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When you create your first ASP.NET MVC website, you are probably not too worried about performance. If you make a basic website, everything will run fast and smooth, thanks to all the effort that has been put into the framework. So you likely haven't given performance any thoughts, and that's fine, but as soon your website evolves into something more complex, improving the performance might become very relevant. An excellent place to start is caching.
When talking caching and websites, there are several ways of doing things, but it can generally be divided into two categories: Client-side caching and server-side caching, and even though ASP.NET is a server-side technology, it can help you utilize both types of caching.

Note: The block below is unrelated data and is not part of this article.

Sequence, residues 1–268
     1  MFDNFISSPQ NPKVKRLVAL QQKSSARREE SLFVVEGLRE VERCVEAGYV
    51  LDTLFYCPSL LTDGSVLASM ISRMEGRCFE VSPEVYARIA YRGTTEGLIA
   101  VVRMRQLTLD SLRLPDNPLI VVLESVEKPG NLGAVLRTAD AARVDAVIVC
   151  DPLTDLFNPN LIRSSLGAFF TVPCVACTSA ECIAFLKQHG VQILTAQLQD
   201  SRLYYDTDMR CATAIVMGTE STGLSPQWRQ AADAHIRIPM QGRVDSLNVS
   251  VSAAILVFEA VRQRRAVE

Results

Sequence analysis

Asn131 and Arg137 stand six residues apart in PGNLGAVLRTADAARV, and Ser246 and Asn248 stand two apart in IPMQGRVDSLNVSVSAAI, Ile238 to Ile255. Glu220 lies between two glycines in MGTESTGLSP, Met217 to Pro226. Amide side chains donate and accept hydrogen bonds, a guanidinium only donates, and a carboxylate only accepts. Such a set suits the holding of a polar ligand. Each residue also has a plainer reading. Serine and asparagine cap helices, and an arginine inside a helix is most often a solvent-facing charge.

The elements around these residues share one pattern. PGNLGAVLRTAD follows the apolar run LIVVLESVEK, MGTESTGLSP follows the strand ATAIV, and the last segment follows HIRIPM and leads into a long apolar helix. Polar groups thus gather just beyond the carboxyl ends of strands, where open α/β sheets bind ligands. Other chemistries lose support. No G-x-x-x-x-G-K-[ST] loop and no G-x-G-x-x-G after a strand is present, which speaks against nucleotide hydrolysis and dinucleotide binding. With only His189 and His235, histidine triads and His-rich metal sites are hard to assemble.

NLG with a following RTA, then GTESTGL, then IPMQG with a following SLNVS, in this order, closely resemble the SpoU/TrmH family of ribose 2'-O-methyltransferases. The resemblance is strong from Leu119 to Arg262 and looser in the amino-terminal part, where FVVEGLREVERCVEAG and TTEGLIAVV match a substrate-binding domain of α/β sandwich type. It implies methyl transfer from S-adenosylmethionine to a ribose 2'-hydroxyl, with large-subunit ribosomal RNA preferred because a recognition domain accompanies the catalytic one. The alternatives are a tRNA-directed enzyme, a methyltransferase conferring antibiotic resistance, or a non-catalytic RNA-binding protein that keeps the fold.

As you may or may not know, your browser is likely already caching stuff for you on your website. It has a lot of mechanisms for fetching and storing resources which are normally static, like images and style-sheets (CSS), so that they don't have to be downloaded for each request made to your webserver. This is an example of client-side caching, since it's performed by the client (the browser), but you can actually accomplish the same type of caching for the actual content of your pages. We'll discuss this in one of the next articles, where we will be looking into the ResponseCache technique.
If you're looking for ways of caching stuff directly on the server, instead of on the client, you should be looking into topics like in-memory caching and output caching. We'll talk more about that as well in this chapter.